Me: Most people are surprised when I stop :P

On that note, if you haven't yet, please please vote. And please don't vote for Romney. Unless you enjoy fucking over women and queers and poor people, of course! :D
frith_in_thorns: (Diana 2)
I have some thoughts for (Inter)National Coming Out Day.

If I'd posted this when I opened this tab, a few hours ago, it would be a happier post. About 70% of my facebook feed today has been taken up friends posting statuses about it, and it's fun, you know, to actually see a load of us all being vocal at once. To talk about issues in public, and have people who normally refuse to listen read the threads because we're talking about something positive. (That said, the thread on my status has devolved into a discussion on tea and on whether it's unforgivably antisocial to read a book during sex.)

But. Something about getting quick, supportive "Likes" or comments from people who feel happy tossing around identities as pejoratives, or from the guy in my gaming group who I've had long, long arguments with about his "right" to call people f*ggots or to be a racist douche -- well. It's that easy, is it, to do your bit and assert you support us. Today. Just today.

There is an LGBTQsoc stand at Freshers' Fair. And every year, lots and lots of straight people come up and say something along the lines of, "I'm not queer, but am I allowed to sign up anyway?"

"Oh yes," the people on the stand say. "In fact, you can also sign onto the mailing list for the activism branch of the society! We're working towards things like improving the uni environment for queer people, writing political letters, and all that sort of stuff. We always need more allies."

"Oh. Actually, I only want to join in on the social side of things. You know, the drinks nights?"

Lots and lots and lots of people. Every time. We'll be your allies while it's fun for us. Not when it's work. When you have to sit back sometimes, and give up things you like, and speak up when no one else does.

I am remarkably privileged. I am white and my parents are comfortably middle-class and I can usually hide my crazy and I can talk about being gay and poly and ace because it's safe for me to do so. I get angry about microaggressions and slurs and I am so incredibly lucky because I am safe.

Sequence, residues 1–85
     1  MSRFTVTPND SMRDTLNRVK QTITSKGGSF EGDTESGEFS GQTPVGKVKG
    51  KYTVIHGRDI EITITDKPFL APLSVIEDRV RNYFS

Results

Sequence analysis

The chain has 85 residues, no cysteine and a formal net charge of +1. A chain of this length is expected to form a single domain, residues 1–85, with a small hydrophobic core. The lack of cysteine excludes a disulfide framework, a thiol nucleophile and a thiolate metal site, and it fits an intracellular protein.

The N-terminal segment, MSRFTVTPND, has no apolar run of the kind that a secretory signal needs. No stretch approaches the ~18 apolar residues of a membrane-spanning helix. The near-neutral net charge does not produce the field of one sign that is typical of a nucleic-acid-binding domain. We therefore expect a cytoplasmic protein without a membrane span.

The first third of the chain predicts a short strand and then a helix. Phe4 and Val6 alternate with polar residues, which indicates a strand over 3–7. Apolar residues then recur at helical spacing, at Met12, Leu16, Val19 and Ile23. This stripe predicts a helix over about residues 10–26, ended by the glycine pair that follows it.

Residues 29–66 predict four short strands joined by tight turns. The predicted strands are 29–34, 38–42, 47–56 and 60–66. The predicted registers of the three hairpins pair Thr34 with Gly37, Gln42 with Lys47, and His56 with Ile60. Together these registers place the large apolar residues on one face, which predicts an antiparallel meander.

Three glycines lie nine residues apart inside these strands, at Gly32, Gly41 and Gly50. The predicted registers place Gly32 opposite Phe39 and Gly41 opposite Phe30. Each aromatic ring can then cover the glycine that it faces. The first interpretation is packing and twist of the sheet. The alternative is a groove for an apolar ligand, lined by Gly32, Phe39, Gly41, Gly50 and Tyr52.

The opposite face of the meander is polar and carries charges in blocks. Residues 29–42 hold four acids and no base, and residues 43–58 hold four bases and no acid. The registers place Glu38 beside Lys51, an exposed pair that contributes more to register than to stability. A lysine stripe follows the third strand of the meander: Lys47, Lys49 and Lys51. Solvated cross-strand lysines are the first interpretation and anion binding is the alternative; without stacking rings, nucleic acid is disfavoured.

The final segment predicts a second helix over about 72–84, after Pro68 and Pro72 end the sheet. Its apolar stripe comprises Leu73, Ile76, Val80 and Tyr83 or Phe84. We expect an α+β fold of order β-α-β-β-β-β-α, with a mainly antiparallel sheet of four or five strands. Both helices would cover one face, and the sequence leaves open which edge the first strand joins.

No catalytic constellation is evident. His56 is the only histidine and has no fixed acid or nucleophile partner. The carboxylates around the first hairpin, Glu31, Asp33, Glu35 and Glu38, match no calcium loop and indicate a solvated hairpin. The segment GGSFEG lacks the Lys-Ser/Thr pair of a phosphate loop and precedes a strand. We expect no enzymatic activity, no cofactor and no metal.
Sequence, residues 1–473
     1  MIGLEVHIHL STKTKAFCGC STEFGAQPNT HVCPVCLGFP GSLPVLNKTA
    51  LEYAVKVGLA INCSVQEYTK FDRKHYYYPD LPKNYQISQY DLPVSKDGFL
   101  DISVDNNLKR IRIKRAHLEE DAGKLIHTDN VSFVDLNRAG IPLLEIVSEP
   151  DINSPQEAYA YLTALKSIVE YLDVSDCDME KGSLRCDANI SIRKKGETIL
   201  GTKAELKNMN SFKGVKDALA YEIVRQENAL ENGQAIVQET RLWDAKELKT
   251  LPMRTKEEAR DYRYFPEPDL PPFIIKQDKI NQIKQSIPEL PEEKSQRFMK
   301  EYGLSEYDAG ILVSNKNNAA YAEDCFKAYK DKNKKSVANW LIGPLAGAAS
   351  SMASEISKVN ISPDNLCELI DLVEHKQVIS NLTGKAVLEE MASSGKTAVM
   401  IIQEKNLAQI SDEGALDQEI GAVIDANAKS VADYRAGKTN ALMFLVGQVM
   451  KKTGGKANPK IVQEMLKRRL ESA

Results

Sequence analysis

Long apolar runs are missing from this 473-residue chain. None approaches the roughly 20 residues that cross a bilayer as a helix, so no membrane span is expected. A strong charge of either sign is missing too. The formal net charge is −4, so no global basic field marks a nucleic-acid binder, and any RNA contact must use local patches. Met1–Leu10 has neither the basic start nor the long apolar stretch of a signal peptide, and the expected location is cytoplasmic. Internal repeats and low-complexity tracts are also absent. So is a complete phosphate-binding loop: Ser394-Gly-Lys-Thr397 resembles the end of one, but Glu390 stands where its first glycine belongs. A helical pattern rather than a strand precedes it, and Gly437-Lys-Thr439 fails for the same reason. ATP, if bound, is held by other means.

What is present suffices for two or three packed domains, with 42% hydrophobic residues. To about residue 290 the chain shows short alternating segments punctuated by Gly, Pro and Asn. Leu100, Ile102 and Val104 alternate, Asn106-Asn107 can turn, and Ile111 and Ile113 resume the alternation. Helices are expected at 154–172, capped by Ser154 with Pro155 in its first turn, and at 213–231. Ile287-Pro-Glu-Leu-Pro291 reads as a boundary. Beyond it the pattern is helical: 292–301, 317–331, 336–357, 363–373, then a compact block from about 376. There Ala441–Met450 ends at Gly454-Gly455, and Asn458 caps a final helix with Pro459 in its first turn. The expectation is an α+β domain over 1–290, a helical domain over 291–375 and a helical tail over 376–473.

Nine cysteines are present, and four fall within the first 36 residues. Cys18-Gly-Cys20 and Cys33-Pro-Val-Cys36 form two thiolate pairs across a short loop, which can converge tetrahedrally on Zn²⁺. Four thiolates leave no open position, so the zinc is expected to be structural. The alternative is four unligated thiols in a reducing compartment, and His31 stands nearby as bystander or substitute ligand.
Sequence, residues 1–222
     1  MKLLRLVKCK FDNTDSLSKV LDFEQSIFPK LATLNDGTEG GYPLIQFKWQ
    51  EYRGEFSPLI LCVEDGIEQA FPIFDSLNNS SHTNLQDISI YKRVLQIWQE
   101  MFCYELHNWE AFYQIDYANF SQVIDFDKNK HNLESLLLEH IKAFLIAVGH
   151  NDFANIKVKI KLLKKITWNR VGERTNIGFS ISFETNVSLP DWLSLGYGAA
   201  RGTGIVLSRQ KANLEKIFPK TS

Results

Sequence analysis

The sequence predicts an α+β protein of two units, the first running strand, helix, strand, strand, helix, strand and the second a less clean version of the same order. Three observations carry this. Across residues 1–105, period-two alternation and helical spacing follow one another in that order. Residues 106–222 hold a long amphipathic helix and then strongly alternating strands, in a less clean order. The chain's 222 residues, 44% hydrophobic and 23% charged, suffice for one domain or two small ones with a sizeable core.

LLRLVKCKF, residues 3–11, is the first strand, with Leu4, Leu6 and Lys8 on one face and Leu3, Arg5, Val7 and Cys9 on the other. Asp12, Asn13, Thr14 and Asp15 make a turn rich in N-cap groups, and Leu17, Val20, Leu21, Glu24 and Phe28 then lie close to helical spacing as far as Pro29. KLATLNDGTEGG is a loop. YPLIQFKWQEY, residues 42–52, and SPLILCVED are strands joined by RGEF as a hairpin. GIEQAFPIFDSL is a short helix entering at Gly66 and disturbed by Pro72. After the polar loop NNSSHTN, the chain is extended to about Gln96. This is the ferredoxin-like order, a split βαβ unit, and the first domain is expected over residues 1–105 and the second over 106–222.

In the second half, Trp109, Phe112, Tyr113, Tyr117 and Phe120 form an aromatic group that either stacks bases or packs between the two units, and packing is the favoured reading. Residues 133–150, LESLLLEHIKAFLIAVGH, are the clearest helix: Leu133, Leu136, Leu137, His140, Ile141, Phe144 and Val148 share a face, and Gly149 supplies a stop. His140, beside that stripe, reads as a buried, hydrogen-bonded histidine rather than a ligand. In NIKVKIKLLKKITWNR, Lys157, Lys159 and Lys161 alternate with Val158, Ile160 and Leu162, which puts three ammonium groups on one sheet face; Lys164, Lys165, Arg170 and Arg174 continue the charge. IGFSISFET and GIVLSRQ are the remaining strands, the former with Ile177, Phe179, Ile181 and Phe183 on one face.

Acceptance is good. Acceptance is important. Action is more important, because this world is so far from good enough. I can come out, but we have gay kids and trans* kids living on the streets and we have people being murdered in all these countries we live in and we are not doing enough. I am not doing enough. We all need to work so much harder.

Days of Things are all very well, but it's the rest of the year that's important. What you're doing then. Who you're remembering. What actions you're taking to make the world better on all those other days.
frith_in_thorns: (Zundry - bobtail squid)
One exam down. I am very wiped out, but I answered questions, which is a good thing. Send pictures of baby animals and Neal Caffrey.

Because I wouldn't be me if I wasn't geeking out about random bits of biological experiments, this was my favourite question:

"In older experiments aimed at testing the hypothesis that bees estimate distance from energy consumption, worker bees were made to carry small weights. The bees struggled even to gain height when loaded, and overestimated the distance that they had travelled. It was concluded that the bees were using their energy consumption to estimate distance. Provide an alternative explanation of these results."

They put little weights on bees and made them fly around, you guys!! :D Sadly the paper doesn't reference it, so I don't know what the weights were made of...

I don't have an exam tomorrow, and I'm really tired, so I shall now drink wine and pretend that there isn't at least one person I badly want to murder.

frith_in_thorns: (Zundry - rainbow jelly)
Hello! This is mainly of use to people currently in Oxford. But I shall spam everyone with it anyway. Since I spend most of my LJ time spamming Ox-friends with fandom, it seems only fair :P

To copy the blurb I wrote for the Facebook event:

"On the week beginning 25th March, Exeter College is hosting the group Christian Concern to hold a conference. Christian Concern (http://www.christianconcern.com/) is anti-lgbtq rights, anti-Islam, and anti-choice.